The emperor of the Solar League has no male heir, but he is determined to put his oldest child, daughter Mercedes, on the throne after him. To that end, he pressures her to enroll in the High Ground, the elite military academy that trains all the scions of the first families of the empire. Meanwhile, Tracy has been accepted to the school as a scholarship student, and he faces adjustments of his own from the wealthy pupils who question his right to be there. Their difficulties, different for each but no less isolating, make Mercedes and Tracy allies and perhaps more. Snodgrass, a writer for Star Trek: The Next Generation, has a knack for the group dynamics of prep school, including the expected bullies and snobs. Her worldbuilding choices are a little more bizarre, with a future that appears to have a rigid class structure dominated by Spanish court customs and the Catholic Church. ­VERDICT The juxtapositions between courtly manners and teenage slang occasionally jars, but the author has such a sure hand for the action scenes that many will be eager for the next volume.—MM

Walton, Jo. Necessity. Tor. (Just City, Bk. 3). Jul. 2016. 336p. ISBN 9780765379023. $25.99; ebk. ISBN 9781466865709. SF

When we last left the Platonic experiment of the Just City, its citizens had fought wars over art and been transplanted by Zeus to a new planet to continue their attempts to live lives of excellence. This third and final volume of the trilogy opens with the planet of Plato in crisis. Apollo, who had lived there as a mortal, has recently died; Athena, the goddess who set up the whole experiment, hasn’t been seen in a while; and a spaceship appears in orbit over Plato representing the human society that the Just City circumvented with their isolation. In this satisfying if not completely tidy end to the series (after The Just City and The Philosopher Kings), Walton brings back characters from the other books, making these titles that should be read in order. The author isn’t afraid to pose questions that leave readers thinking and takes a deep dive into classical philosophy. ­VERDICT The rewards are plentiful for fans of thoughtful speculative fiction as well as for aficionados of the classical world.—MM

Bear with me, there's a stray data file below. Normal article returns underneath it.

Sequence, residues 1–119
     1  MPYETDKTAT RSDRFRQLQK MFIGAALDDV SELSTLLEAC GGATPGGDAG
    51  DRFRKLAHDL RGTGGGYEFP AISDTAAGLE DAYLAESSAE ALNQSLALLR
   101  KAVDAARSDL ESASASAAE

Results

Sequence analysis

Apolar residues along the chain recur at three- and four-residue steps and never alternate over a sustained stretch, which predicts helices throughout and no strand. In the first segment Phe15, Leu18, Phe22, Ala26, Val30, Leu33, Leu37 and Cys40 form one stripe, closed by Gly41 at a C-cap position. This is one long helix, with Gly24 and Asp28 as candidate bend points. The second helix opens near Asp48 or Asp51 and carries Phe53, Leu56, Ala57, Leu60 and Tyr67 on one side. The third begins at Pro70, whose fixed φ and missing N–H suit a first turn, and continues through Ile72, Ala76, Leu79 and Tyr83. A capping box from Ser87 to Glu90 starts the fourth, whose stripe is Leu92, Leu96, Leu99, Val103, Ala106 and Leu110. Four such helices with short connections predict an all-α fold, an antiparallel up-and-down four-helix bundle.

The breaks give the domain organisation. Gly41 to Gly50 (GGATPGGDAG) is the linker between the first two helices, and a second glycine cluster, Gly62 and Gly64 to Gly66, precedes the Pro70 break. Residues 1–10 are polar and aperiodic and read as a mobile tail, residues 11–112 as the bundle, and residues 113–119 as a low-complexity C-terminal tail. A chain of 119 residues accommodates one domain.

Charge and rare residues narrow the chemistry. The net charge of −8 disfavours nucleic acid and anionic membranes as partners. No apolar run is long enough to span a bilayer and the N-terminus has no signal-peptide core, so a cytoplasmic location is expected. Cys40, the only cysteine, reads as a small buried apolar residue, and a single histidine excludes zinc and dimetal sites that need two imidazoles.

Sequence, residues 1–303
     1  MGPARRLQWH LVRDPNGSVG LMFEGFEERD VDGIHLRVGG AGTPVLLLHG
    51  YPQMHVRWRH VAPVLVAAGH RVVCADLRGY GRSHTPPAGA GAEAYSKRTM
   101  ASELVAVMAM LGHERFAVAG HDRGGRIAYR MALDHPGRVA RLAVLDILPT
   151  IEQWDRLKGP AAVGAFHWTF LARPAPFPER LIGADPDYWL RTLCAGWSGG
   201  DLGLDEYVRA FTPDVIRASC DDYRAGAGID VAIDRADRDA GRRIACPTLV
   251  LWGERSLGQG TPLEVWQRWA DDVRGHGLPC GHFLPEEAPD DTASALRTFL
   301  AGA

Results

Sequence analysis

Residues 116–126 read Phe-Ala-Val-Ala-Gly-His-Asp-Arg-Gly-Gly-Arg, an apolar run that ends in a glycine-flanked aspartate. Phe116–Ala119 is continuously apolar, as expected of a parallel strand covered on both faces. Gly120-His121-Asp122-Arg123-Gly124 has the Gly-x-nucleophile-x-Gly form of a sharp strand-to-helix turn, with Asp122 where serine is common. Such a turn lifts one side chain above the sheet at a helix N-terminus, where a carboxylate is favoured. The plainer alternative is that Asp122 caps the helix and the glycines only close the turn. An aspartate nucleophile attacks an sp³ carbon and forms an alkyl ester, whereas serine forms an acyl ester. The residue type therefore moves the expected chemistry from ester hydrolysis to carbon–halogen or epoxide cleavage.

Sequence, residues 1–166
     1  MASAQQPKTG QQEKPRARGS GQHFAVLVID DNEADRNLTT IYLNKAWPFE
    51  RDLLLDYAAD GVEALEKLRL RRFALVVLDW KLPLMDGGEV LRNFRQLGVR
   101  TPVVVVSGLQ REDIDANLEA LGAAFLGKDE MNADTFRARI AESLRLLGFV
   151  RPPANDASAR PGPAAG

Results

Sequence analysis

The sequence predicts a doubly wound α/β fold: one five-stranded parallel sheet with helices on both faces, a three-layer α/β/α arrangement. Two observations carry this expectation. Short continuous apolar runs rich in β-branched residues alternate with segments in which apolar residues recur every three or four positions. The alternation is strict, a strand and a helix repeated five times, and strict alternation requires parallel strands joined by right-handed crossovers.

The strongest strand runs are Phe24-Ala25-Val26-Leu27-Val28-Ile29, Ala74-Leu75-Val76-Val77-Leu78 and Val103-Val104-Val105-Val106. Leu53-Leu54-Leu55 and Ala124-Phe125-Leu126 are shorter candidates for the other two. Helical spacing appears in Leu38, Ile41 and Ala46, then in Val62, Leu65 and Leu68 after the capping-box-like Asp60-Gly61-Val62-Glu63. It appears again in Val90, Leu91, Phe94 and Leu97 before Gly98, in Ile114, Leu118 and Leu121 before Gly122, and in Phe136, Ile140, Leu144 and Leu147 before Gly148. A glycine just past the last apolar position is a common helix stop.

QUOTABLE “My part in this story began the winter before winters started getting warmer, on a full-moon night so bright you could see your own shadow on an unlit rooftop. It was under that moon—slightly smudged by December mist clinging to the streets of Kolkata—that I met a man who told me he was half werewolf.”—Indra Das, The Devourers

Series lineup

imprudence.jpg7116Carriger, Gail. Imprudence. Orbit: Hachette. (Custard Protocol, Bk. 2). Jul. 2016. 368p. ISBN 9780316212212. $25; ebk. ISBN 9780316212199. FANTASY

In the follow-up to the popular Prudence, Rue and the crew of the Spotted Custard return from India and discover that everyone from Queen Victoria to the vampires to the werewolves are having issues. Add to that a slew of parental problems and an engagement-hungry best friend, and Rue may be in over her head.—KC

Davidson, Rjurik. The Stars Askew. Tor. (Caeli-Amur, Bk. 2). Jul. 2016. 416p. ISBN 9780765329899. $25.99; ebk. ISBN 9781429945127. FANTASY

The city of Caeli-Amur has begun a new age of peace, or so it seems. As seditionist leaders are killed, former House powers are vying for control and mired in conspiracy, and gods still walk in the world. Kata and Max continue to fight for their city in the sequel to Davidson’s Unwrapped Sky.—KC

Hieber, Leanna Renee. Eterna and Omega. Tor. (Eterna Files, Bk. 2). Aug. 2016. 336p. ISBN 9780765336750. $25.99; ebk. ISBN 9781466829268. FANTASY

English and American paranormal fighters clash in a hide-and-seek game for the key to immortality—the Eterna Compound in this second entry in Hieber’s gaslamp fantasy series (after The Eterna Files). Two women with similar backgrounds must decide if they stand on opposite sides or if they are willing to work together to save humanity.—KC